I hate being told what to do. I love … I’ve forgotten what I love. I must not love it half as much as I thought I did, to have forgotten it in such a pococurante manner.

My hates, my hates, my hates – they stick to me like bogies – the kind that refuse to leave my finger no matter how much I flick and flick and flick.

I kid myself that I’d love to be able to make people cry. Like, in books. The kind of writing that tugs the strings of your heart and floods your eyes with tears.

How many tears must we make before we realise that this is not the best way to bring back the things and people that we love?

Gah – enough of this maudlin nonsense.

I straighten my back and raise up my head. I crack my neck and flex my fingers. Looking at the keyboard and then at the screen and then at the room around me and then at the people in that room makes me realise that I had slipped into a world of my own. A place inside my head that bears little relation to the reality of here and now.

It’s so easy to fall into a funk that I wonder whether this is not the most natural state of being. Of course, it isn’t. The most natural state is that in which we scan the environment for danger and avoid it if it approaches. But our lives are now so safe that there’s no need to do that anymore.

We sit in sanitised surroundings so free from snakes and bears that we can relax and fanny around with the thoughts inside our minds as if they were important. Then we share permutations of these things with the world. Things that we imagine might shock our grandmothers, but probably wouldn’t. Things that would probably make the people around us laugh and laugh (but not in a good way) if, by accident (or design), they were to be looking over our shoulders. Reading our words.

These words.
This stylistic salmagundi.
This bowl of nonsense we proffer.
I offer.

Like I said – enough of this nonsense.


14 thoughts on “Mengelmoes

  1. I love accepting you. Maudlin, nonsensical, delightful, caring, funky you. I admit being sad all the time is not healthy, but I don’t get that from your writing. This feels reminiscent and brave like a beautiful old tree with deep roots. Provides lovely, cooling shade.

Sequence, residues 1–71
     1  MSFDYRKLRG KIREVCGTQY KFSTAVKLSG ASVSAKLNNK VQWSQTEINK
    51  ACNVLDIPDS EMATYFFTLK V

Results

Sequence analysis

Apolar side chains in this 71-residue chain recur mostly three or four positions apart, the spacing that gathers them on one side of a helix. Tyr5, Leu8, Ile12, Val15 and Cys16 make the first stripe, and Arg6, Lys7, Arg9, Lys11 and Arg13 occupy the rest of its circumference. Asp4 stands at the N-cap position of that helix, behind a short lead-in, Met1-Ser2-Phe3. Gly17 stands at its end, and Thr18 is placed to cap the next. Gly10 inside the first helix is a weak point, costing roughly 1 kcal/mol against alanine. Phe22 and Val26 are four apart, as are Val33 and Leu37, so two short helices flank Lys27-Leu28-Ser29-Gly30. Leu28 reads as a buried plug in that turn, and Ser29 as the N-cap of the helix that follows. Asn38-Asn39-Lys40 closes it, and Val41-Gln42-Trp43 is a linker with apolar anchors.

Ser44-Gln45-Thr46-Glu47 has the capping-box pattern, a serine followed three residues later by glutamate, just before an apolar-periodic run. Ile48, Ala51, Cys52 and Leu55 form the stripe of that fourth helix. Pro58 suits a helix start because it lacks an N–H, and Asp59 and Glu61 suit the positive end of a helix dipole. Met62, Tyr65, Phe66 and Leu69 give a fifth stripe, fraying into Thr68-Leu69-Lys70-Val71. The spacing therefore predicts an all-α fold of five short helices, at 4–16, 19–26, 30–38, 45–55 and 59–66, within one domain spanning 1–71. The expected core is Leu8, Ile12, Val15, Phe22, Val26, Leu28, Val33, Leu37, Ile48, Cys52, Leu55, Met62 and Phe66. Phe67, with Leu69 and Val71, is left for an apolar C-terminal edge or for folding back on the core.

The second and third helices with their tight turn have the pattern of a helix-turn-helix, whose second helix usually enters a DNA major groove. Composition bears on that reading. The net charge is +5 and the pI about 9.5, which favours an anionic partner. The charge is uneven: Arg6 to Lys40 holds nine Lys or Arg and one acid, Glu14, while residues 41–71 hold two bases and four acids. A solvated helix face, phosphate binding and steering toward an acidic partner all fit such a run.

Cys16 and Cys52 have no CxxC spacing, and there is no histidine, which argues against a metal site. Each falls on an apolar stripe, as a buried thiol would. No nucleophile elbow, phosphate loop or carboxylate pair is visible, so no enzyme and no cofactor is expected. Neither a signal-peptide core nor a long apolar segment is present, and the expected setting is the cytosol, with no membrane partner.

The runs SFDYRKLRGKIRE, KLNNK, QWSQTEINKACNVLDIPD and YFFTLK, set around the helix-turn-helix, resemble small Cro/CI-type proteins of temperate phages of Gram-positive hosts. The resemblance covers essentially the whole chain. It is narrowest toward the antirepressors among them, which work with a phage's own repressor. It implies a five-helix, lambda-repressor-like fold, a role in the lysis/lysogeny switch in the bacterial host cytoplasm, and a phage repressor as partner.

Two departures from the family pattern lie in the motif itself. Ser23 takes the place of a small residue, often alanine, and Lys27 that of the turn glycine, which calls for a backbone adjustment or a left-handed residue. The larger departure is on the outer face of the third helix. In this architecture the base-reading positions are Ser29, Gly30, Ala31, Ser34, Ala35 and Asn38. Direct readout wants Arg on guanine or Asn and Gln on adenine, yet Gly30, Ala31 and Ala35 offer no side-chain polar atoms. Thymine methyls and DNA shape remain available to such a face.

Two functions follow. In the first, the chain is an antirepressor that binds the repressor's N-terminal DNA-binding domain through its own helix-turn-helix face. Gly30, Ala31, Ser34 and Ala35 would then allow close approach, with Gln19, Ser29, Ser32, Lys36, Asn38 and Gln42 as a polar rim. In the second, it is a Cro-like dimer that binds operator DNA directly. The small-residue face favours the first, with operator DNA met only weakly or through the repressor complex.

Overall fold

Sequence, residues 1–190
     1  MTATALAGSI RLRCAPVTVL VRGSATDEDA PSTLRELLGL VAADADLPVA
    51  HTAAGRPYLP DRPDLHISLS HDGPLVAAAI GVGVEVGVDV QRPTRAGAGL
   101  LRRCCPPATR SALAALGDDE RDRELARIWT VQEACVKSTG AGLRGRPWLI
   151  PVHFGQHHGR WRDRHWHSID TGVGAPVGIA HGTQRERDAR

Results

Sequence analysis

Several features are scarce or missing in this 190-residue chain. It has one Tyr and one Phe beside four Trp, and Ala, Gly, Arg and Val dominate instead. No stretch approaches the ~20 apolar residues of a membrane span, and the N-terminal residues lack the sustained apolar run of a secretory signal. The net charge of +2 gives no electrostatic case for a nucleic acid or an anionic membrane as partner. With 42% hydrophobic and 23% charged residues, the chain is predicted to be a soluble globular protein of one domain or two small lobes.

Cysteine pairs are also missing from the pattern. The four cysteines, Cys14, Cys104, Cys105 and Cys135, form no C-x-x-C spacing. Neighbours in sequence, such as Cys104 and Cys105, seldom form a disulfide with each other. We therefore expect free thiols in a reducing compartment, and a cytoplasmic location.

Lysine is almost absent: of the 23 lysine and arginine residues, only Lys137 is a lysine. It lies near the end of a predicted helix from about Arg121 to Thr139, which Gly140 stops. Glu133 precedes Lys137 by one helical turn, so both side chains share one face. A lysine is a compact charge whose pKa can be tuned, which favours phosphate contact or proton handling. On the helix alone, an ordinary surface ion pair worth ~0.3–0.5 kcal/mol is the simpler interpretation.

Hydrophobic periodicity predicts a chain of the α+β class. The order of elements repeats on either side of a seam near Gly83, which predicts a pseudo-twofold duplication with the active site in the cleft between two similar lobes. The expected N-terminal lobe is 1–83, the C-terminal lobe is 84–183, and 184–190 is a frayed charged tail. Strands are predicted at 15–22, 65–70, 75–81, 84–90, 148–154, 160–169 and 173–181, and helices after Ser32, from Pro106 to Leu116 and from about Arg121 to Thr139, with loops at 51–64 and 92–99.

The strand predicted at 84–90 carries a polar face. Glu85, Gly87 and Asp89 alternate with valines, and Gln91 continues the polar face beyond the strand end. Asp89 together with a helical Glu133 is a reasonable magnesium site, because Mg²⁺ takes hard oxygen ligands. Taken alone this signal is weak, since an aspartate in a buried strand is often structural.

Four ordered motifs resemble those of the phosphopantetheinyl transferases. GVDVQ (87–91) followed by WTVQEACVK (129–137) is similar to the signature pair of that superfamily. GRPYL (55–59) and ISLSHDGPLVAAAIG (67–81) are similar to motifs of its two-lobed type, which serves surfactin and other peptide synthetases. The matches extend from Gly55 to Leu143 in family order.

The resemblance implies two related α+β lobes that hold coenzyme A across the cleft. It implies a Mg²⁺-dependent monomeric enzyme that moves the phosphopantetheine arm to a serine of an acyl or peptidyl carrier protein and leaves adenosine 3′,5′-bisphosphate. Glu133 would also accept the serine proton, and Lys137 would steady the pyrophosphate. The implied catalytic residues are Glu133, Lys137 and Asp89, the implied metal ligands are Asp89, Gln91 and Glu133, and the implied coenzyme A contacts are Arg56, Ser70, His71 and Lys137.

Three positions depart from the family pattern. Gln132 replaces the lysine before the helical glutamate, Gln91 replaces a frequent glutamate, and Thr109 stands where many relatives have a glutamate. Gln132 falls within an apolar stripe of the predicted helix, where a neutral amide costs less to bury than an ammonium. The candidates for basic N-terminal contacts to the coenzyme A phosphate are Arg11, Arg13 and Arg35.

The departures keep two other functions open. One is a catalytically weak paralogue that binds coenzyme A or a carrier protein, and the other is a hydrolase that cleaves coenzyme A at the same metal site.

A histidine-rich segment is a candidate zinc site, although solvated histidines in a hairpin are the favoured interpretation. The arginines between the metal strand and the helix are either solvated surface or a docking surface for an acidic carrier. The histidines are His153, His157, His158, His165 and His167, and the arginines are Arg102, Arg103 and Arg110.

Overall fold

I am watching an opossum in my back yard. Do you have opossums?

    Liked by 1 person

    • I’ll warrant that there is not one single opossum loose in the whole of England. We have slugs, birds, cats, mice, dogs, foxes and other sundry bugs in our back garden (direct translation of yard) but that’s about it.
      Feeling privileged (can’t spell that word) to be accepted – thank you, Dee. 🙂
      What other critters you got there?

      Liked by 1 person

      • I guess I have the usual critters, but no slugs. (I’m happy about that.) Eeekkk, those are icky, but at least you make them seem fairly harmless. It is too dry here for slugs.
        Peter rabbit lives under the lawn shed but I don’t see him too often. He just needs to stay out of the garden, he killed two blueberry bushes two years ago from eating all the new leaves. Ornery, Peter! And Peters around you?

        Liked by 1 person

      • Nope, no Peter’s in the garden. Saw a hedgehog once if that’s any help. 🙂
        My wife reports rabbits to me when she sees them on the train. Oh, maybe I should rephrase that – my wife is on the train, not the rabbits. 😀
        How’d you know he’s a Peter and not a Petra?


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